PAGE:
Behe argues that at the biomolecular level of life (an unknown "black box" in Darwin's day) there are several IC systems that are highly unlikely to have been formed by numerous, successive (unguided) indirect modifications, "including aspects of protein transport, blood clotting, closed circular DNA, electron transport, the bacterial flagellum, telomeres, photosynthesis, transcription regulation, and much more." Given that IC systems are resistant to evolutionary explanation, and given our everyday experience that intelligent agents regularly produce IC systems (and other systems exhibiting CSI), Behe argues that the best explanation of such molecular machines is intelligent design:
the onus of proof is on the one who denies the plain evidence of the eyes. For example, a person who conjectured that the statues on Easter Island or the images on Mount Rushmore were actually the result of unintelligent forces would bear the substantial burden of proof the claim demanded. In those examples, the positive evidence for design would be there for all to see in the purposeful arrangements of parts to produce the images. Any putative evidence for the claim that the images were actually the result of unintelligent processes (perhaps erosion by some vague, hypothesized chaotic forces) would have to clearly show that the postulated unintelligent process could indeed do the job. In the absence of such a clear demonstration, any person would be rationally justified to prefer the design explanation.
If there is irreducible complexity in living organisms, then Pigliucci would agree with Behe and Dembski that it is evidence of intelligent design: "irreducible complexity is indeed a valid criterion to distinguish between intelligent and nonintelligent design." However, Pigliucci thinks that "there is no evidence so far of irreducible complexity in living organisms."
Presidents and Safe-Cracking. Zoologist Richard Dawkins is Oxford University's Professor for the Public Understanding of Science. Dawkins is well-known as a vocal atheist through his popular books and media appearances. He is also an outspoken critic of intelligent design theory.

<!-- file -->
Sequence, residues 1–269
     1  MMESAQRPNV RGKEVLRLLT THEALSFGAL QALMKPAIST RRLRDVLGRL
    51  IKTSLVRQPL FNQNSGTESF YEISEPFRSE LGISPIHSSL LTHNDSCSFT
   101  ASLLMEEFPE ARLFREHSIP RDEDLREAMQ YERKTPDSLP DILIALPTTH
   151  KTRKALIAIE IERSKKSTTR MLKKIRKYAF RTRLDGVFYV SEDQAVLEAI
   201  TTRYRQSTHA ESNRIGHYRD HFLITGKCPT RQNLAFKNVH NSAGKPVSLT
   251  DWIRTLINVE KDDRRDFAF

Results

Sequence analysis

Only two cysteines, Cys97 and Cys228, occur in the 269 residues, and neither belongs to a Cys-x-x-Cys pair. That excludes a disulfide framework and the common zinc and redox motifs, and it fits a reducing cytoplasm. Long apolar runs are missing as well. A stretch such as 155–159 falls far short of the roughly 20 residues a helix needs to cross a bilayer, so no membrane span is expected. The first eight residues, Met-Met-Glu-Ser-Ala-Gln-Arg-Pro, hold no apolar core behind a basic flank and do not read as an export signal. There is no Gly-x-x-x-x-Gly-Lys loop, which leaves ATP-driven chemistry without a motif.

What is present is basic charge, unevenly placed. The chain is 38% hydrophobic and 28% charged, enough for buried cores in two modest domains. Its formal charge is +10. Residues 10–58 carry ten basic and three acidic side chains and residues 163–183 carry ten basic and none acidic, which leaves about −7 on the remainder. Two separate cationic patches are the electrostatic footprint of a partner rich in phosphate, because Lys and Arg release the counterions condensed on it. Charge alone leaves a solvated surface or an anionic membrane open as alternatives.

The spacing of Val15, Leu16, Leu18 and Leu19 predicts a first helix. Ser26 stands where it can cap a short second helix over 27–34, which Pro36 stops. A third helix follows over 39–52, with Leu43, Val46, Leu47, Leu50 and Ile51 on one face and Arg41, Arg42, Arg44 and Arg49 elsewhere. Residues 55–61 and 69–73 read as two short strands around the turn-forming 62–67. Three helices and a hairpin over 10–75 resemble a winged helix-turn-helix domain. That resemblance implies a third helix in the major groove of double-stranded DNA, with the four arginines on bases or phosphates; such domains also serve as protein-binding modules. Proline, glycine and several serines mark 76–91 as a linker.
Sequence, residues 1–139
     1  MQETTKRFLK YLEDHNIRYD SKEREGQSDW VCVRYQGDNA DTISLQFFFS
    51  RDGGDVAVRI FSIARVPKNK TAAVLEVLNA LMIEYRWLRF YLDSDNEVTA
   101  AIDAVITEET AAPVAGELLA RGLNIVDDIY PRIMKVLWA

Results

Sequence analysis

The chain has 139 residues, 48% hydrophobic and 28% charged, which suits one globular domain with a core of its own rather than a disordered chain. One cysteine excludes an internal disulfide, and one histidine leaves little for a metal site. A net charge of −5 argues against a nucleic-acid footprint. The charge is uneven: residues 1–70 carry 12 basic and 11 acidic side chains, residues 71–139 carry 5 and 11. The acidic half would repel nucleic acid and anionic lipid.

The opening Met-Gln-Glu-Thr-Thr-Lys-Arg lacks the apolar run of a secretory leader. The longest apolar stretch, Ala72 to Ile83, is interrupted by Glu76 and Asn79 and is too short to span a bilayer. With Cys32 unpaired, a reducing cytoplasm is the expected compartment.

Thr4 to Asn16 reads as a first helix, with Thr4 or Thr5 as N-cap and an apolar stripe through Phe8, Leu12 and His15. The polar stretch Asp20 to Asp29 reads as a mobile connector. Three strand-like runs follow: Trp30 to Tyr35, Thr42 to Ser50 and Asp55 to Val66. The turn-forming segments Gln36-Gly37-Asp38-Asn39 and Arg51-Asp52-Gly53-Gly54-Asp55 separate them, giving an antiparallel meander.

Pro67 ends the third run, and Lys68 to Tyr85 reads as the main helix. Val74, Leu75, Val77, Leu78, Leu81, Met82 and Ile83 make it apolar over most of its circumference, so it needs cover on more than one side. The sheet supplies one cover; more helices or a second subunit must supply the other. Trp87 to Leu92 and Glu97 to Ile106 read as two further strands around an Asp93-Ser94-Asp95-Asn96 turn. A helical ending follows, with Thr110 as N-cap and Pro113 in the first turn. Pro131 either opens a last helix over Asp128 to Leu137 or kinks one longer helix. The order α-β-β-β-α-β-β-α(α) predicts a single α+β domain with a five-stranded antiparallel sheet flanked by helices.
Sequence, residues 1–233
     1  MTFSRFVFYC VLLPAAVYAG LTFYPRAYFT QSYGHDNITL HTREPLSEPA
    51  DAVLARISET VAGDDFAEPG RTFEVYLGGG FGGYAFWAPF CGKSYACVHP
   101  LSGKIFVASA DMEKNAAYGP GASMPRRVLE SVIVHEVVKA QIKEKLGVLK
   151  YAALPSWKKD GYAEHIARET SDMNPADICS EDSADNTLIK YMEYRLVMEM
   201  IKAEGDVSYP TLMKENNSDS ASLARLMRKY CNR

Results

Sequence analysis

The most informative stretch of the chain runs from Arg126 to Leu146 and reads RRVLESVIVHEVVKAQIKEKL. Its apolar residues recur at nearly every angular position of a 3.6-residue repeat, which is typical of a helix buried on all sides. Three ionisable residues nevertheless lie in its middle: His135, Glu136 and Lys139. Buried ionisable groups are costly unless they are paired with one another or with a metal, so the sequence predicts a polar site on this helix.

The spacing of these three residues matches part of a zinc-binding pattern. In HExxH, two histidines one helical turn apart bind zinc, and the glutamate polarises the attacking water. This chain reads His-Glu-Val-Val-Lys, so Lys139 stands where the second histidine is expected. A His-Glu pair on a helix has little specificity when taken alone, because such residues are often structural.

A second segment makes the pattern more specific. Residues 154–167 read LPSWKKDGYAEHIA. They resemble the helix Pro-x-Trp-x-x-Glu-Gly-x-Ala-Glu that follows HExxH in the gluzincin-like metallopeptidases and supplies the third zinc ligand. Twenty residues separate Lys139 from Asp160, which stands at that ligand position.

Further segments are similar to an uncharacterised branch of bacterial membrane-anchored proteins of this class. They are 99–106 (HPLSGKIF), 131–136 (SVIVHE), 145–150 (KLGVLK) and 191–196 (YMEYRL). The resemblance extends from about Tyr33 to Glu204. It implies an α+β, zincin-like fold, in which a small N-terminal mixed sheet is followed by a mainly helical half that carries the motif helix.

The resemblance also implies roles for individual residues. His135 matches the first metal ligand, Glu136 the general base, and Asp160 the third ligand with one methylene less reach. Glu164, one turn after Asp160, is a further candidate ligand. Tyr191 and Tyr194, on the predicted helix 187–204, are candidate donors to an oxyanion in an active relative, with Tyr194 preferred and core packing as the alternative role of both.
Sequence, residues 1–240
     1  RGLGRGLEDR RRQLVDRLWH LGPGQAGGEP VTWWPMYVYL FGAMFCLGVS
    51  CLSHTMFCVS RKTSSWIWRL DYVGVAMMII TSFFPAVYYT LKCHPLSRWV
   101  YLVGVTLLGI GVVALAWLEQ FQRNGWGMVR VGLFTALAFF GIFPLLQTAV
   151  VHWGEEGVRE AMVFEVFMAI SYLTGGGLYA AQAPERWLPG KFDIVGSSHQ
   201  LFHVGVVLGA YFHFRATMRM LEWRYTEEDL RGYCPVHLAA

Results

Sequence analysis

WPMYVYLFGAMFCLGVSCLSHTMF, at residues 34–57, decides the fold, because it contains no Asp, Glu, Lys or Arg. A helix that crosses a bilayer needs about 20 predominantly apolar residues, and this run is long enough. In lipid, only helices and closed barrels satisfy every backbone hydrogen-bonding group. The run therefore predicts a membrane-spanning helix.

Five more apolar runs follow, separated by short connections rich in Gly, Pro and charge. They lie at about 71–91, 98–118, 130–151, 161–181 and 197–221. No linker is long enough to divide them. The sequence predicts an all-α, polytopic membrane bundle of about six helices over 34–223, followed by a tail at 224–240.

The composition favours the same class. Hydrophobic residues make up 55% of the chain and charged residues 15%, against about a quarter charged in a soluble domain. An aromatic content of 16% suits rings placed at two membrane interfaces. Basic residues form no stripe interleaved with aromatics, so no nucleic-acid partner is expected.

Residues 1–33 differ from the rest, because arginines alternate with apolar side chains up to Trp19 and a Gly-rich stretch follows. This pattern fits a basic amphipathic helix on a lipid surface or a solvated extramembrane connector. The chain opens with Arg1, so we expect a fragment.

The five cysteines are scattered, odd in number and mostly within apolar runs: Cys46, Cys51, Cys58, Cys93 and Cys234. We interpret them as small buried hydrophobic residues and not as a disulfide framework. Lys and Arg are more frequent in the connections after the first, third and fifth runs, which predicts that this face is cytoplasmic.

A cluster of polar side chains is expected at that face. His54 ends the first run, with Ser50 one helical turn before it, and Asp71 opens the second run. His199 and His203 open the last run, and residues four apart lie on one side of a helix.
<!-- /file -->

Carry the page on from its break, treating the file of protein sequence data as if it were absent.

In Climbing Mount Improbable, Dawkins draws a distinction between objects that are clearly designed and objects that are not clearly designed but superficially look like they are-which he calls "designoid." Dawkins illustrates the concept of being designoid with a hillside that suggests a human profile: "Once you have been told, you can just see a slight resemblance to either John or Robert Kennedy. But some don't see it and it is certainly easy to believe that the resemblance is accidental." Dawkins contrasts this Kennedy-esque hillside with the four president's heads carved into Mt. Rushmore in America, which "are obviously not accidental: they have design written all over them." Hence Dawkins admits intelligence is capable of outperforming the design-producing resources of nature in such a way as to leave empirical indicators of its activity.
Dawkins argues that, while "a rock can weather into the shape of a nose seen from a certain vantage point," such a rock (for example, the Kennedy-esque hillside) is designoid. Mt. Rushmore, on the other hand, is clearly not designoid: "Its four heads are clearly designed." The fact that Rushmore is designed is, according to Dawkins, empirically detectable: "The sheer number of details [that is, the amount of complexity] in which the Mount Rushmore faces resemble the real things [that is, the complexity fits four specifications] is too great to have come about by chance." In terms of mere possibility, says Dawkins: "The weather could have done the same job. . . . But of all the possible ways of weathering a mountain, only a tiny minority [complexity] would be speaking likenesses of four particular human beings [specification]." Hence, "Even if we didn't know the history of Mount Rushmore, we'd estimate the odds against its four heads [specification] being carved by accidental weathering as astronomically high . . . [complexity]."
Again, Dawkins argues that "Of all the unique and, with hindsight equally improbable, positions of the combination lock [complexity], only one opens the lock [specification]. . . . The uniqueness of the arrangement . . . that opens the safe, [has] nothing to do with hindsight. It is specified in advance." According to Dawkins, the best explanation of an open safe is not that someone got lucky, but that someone knew the specific and complex combination required to open it.1 2 3 4 5 6